Some commentators considered that “the Egyptian people are courteous and eager to help the Syrians the most” and that in Egypt, there is flexibility “in terms of obtaining documents,” and there are no “difficulties or unjust laws.”
Others were reluctant to travel there for political reasons, including the nature of the government and the suppression of freedoms. At the same time, the comments permeated some opinions between returning to Syria or traveling to any country in the world that does not request “data update,” in an ironic phrase that refers to the suffering of Syrians in Turkey in obtaining an appointment to update their data and addresses in the Turkish states.
What documents does a Syrian refugee obtain in Egypt?
Mohammed al-Hassan, who works with refugees and migrants in Egypt, explained to Enab Baladi the nature of the documents that Syrian refugees obtain in Egypt, explaining that there are two options for Syrians coming to Egypt nowadays, either registering with the UN High Commissioner for Refugees (UNHCR) in Egypt to obtain what is known as a “the Yellow Card,” a card given to refugees as “Asylum Seeker.”
The second option is to obtain a tourist residency for a period of six months or an annual residency obtained by the student and his family, in which case he is removed from refugee status and becomes a “migrant” and not a refugee if he does not have a “Yellow Card.”
A Syrian can obtain a residency under the “Yellow Card” every six months, known as “asylum residency,” and can also obtain annual or monthly cash or food aid from the UNHCR.
Egypt is a signatory to the 1951 Convention relating to the Status of Refugee Protection, but it has reservations about many of its provisions.
The only item in the Convention that Egypt agrees to is the “law of non-return” or the “right of non-return,” that is, non-deportation, as the Egyptian authorities do not deport any “Yellow Card” holder, according to al-Hassan, who pointed out that there are some exceptions for refugees from African countries.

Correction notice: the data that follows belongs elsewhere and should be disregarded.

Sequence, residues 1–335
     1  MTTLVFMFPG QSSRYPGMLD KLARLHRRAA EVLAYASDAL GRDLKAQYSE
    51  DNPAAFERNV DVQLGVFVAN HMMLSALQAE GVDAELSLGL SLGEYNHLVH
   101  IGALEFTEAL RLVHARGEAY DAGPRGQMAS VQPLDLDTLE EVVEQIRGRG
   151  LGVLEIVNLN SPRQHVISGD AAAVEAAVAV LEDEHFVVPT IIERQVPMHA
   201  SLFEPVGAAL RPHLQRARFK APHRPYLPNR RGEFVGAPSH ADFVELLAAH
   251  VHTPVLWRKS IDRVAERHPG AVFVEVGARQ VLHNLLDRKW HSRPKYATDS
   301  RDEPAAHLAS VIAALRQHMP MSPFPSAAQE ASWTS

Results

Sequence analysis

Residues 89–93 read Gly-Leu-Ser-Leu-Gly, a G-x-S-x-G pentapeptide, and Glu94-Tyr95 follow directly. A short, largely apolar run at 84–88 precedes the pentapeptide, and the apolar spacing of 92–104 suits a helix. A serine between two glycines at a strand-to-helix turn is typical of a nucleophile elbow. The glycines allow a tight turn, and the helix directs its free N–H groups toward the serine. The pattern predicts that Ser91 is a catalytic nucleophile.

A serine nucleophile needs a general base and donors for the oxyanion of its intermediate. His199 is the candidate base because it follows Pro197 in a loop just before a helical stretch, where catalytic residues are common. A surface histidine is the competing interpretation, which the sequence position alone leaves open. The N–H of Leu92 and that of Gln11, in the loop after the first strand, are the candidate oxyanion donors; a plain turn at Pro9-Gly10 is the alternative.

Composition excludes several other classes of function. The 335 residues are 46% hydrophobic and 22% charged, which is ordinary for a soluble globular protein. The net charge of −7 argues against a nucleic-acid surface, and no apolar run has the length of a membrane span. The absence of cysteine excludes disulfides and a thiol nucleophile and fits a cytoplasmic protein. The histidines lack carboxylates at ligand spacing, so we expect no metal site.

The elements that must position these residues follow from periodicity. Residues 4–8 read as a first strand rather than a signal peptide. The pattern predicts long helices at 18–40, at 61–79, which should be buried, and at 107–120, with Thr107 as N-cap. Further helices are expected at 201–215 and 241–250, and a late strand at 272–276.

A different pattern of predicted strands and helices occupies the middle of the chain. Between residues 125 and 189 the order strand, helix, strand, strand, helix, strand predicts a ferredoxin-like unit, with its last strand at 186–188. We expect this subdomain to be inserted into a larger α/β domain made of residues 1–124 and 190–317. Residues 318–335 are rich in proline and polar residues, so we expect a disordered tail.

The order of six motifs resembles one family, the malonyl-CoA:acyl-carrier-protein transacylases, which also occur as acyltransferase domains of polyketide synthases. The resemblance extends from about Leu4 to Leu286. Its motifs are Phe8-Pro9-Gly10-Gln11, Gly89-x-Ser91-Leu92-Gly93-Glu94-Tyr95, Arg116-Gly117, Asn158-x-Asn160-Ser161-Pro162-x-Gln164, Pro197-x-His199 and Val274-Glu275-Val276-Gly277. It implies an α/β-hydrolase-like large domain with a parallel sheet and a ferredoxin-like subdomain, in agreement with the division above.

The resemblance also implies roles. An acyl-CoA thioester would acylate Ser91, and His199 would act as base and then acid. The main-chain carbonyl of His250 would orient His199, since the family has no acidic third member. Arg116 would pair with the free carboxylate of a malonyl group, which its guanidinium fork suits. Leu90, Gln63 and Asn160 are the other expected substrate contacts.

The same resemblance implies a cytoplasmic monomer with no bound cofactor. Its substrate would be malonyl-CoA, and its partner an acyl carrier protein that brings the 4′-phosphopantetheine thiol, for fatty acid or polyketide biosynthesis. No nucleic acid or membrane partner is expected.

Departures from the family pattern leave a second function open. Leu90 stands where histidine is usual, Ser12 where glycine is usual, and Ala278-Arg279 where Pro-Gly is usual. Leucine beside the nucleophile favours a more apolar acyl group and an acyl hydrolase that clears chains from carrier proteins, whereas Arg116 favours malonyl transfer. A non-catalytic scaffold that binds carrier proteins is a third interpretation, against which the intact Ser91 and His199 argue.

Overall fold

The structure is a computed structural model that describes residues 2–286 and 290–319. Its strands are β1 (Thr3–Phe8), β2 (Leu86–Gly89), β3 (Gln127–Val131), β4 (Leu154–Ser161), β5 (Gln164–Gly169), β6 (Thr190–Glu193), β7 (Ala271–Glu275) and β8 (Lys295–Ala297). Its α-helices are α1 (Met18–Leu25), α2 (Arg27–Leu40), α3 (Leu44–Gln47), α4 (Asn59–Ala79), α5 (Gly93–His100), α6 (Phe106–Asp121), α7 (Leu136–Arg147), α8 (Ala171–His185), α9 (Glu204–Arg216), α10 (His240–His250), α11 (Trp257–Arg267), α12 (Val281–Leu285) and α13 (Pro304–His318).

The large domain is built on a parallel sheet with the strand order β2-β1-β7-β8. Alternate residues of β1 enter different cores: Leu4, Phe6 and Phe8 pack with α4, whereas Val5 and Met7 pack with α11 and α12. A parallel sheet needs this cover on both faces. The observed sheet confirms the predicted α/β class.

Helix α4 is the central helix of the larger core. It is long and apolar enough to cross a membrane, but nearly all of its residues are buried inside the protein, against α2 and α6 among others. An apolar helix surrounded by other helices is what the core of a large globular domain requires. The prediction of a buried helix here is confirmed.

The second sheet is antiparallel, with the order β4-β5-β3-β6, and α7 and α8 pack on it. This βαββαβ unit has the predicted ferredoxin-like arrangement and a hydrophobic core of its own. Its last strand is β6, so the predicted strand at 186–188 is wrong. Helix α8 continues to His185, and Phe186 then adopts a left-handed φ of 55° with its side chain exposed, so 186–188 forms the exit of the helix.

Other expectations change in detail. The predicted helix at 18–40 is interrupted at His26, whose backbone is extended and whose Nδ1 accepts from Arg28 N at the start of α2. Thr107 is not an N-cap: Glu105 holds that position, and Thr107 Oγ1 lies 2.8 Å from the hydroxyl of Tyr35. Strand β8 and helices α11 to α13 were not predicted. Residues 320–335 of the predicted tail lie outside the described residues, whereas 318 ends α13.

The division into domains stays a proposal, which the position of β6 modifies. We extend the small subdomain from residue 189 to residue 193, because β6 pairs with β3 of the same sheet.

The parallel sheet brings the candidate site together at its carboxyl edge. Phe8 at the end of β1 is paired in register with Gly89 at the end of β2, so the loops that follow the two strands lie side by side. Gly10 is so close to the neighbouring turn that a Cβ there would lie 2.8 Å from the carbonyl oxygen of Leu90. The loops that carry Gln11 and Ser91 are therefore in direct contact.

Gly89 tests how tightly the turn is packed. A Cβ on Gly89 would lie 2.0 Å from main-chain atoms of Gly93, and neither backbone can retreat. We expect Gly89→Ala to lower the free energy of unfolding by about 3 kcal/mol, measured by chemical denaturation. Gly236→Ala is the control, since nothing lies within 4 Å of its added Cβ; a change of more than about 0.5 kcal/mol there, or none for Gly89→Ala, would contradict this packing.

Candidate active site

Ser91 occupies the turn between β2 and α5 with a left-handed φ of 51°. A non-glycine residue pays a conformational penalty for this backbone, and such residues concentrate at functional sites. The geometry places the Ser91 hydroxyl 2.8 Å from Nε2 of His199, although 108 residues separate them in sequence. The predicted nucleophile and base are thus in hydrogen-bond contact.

However, as for the Syrians, no deportation decision was issued against anyone, except in some cases of Syrian merchants or those who only have a passport and have security problems, according to al-Hassan.
Right to work
As for the asylum law and the right to work in Egypt, there is no legal form for doing work in Egypt. All kinds of businesses that Syrian refugees work in are illegal, says al-Hassan.
Even those who only have a Syrian passport and who are not classified as refugees are also not entitled to work as employees who have a “work permit.” This case is not listed in Egyptian law, and the only areas in which they can work legally are opening a shop, a private business, or a company, according to the refugee rights advocate.
Even Syrian university degree holders who came to Egypt do not have any right or law by virtue of the equivalency law. They cannot equalize their degrees, and they cannot join unions, such as the Bar, Doctors, or Engineers Syndicate.
Graduates of non-Egyptian universities do not have the “right to practice the profession,” and they cannot apply to the Ministry of Labor, and most Syrian doctors, lawyers, and engineers work illegally under Egyptian citizens’ supervision, he adds.